Using the UBA-9290 RF Field Strength Analyzer to Test for EMC Compatibility

2.9 GHz field strength analyzer

The UBA-9290 is a handheld portable radio frequency (RF) field strength analyzer with spectrum capability that you can use to perform a variety of RF signal measurements including electromagnetic (EMC) compliance. All electronic products — including switching power supplies, which are commonly used in almost all types of electronic equipment — must conform to specific regulations with regard to susceptibility and emissions of RF interference. This article will discuss how to use an RF field strength analyzer to perform measurements related to EMC compliance.

The aim of the EMC regulations are to ensure that electromagnetic disturbance generated by electrical or electronic equipment doesn’t reach levels that would prevent radio, telecommunications, and other equipment from working properly. The frequency range required to comply with the EMC directive is from 150 Khz to 30 Mhz for conducted emissions and from 30 Mhz to 1 Ghz for radiated emissions. The frequency range of the UBA-9290 RF frequency analyzer is specified from 100 Khz to 2.9 Ghz, making it ideal for performing these measurements.

Conducted emissions refer to RF signals that are being generated by the device under test that have the potential for being conducted out of the unit via cords and cables. The device under test is first placed on an insulated table above a ground plane, and then you monitor the RF signal levels of any necessary cords or cables with the UBA-9290. RF signals in the range of 150 Khz to 30 Mhz must be below the maximum values in amplitude. Since the UBA-9290 has an input sensitivity of -117 dBm, it will easily perform the required measurements. Any RF levels above the values specified in the directive must be reduced.

Radiated measurements refer to RF signals that are radiated from the device through the air. The UBA-9290 must be placed a specified distance from the device under test and positioned at various heights so as to maximize the received signal. The device under test must also be rotated 360 degrees so as to produce maximum RF signal levels. The acceptable frequency range for radiated emissions is 30 Mhz to 1 Ghz.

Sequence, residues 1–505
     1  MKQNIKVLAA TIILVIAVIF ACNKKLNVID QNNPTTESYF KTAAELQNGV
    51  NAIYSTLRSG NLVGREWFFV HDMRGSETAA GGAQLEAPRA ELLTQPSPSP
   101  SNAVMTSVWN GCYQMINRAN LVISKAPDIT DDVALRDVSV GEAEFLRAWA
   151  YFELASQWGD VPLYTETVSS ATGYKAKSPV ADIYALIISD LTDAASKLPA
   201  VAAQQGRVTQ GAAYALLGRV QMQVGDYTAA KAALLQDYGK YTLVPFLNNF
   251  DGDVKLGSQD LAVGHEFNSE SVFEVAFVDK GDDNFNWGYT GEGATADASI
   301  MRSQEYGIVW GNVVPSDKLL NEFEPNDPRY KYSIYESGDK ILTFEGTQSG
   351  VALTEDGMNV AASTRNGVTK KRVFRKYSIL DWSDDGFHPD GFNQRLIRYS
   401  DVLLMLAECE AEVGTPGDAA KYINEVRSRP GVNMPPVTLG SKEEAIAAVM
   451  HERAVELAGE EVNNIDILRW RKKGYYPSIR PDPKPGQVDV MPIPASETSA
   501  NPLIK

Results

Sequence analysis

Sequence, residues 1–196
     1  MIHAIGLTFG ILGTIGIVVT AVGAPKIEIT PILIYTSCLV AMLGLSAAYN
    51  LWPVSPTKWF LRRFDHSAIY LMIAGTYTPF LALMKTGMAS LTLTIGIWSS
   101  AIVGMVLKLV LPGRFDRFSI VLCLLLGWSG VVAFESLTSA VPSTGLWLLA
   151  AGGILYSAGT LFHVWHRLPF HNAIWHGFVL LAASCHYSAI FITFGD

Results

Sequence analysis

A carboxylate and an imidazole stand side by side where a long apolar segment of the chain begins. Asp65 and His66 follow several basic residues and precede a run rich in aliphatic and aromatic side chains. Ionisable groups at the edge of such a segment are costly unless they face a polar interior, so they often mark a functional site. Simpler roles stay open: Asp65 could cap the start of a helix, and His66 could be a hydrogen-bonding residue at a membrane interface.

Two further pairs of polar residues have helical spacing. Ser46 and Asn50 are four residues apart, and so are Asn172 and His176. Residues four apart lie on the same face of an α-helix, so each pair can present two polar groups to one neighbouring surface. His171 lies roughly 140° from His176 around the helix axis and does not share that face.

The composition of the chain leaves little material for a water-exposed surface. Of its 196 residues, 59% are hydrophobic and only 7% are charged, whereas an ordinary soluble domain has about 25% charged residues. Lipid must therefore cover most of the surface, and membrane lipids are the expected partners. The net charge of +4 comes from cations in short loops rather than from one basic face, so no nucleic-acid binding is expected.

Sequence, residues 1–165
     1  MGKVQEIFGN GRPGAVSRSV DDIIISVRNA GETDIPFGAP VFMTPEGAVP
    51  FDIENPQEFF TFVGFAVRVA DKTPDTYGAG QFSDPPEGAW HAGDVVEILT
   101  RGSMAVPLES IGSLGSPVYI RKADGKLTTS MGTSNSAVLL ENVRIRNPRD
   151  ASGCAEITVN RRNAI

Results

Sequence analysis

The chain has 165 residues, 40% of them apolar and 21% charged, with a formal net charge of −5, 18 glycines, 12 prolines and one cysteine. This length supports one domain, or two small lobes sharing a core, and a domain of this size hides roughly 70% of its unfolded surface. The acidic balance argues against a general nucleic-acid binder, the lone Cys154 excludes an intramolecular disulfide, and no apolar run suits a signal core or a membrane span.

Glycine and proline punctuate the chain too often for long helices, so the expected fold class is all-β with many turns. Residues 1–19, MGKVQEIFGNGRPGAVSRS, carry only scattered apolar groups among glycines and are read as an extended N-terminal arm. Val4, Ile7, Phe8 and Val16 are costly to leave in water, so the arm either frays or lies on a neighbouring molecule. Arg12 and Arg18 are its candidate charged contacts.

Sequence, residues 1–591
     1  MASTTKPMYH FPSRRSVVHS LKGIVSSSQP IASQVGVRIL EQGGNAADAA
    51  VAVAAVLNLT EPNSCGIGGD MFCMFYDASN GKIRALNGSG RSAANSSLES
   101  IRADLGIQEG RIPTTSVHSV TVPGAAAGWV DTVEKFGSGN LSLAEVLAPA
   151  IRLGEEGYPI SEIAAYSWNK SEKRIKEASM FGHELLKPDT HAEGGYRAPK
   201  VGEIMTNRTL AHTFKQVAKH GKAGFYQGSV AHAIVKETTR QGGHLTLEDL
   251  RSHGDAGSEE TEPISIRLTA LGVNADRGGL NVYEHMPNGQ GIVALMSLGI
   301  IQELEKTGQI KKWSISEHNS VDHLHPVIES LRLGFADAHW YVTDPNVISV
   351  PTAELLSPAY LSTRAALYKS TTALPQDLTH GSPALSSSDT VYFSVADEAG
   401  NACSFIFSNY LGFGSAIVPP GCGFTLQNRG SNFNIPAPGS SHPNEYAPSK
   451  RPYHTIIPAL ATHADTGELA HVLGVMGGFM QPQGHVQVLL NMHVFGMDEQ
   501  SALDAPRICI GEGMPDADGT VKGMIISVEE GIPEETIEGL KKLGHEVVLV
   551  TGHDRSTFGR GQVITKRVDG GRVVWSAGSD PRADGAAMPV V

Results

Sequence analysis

The UBA-9290 may be connected to various antennas or probes to facilitate the required measurements specified in the EMC directive. These can be near current probes, field probes, and dipole-type antennas. These probes and antennas can be purchased commercially or fabricated in the laboratory.

The UBA-9290 RF field strength analyzer provides a relatively low-priced method of performing initial compliance testing for the EMC directive. Its wide frequency range and excellent signal sensitivity make it perfect for performing the required conducted and radiated emissions measurements required to comply with this directive.

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An introduction to Heat Shrink Tubing

Heat shrink tubing is ideal for splicing wires and protecting electrical connections and comes in a plethora of sizes to suit most applications. You can also find a variety of tools that make it even easier to use.

Most heat shrink tubing has a 2-to-1 shrink ratio, meaning you can shrink a tube with a one inch diameter to half an inch in diameter. Once you’ve shrunk the tube it remains at that size, molding itself to whatever it is surrounding. This shrinking and molding action helps protect wire splices and connections from the elements as well as from inadvertent electrical shorts to any metallic objects that might come in contact with the connection.


Heat shrink tubing can be shrunk in several ways, the most effective being a hot-air gun. Hot-air guns are quite similar to the blow dryer you use to dry your luxurious locks of hair, but hot-air guns produce much higher temperatures. People often use small butane torches for shrinking heat shrink tubing as well as they are often smaller and much more portable than hot-air guns. You must be very careful when using either a hot-air gun or a butane torch around flammable liquids and gasses.


The size of the heat shrink is an important factor to consider. Before joining two wires, place the desired size and length of tubing over the end of one of the wires. Once the joint has been made you will then slide the heat shrink tubing over the joint and apply heat to it.  Carefully apply even heat to cover and protect the joint.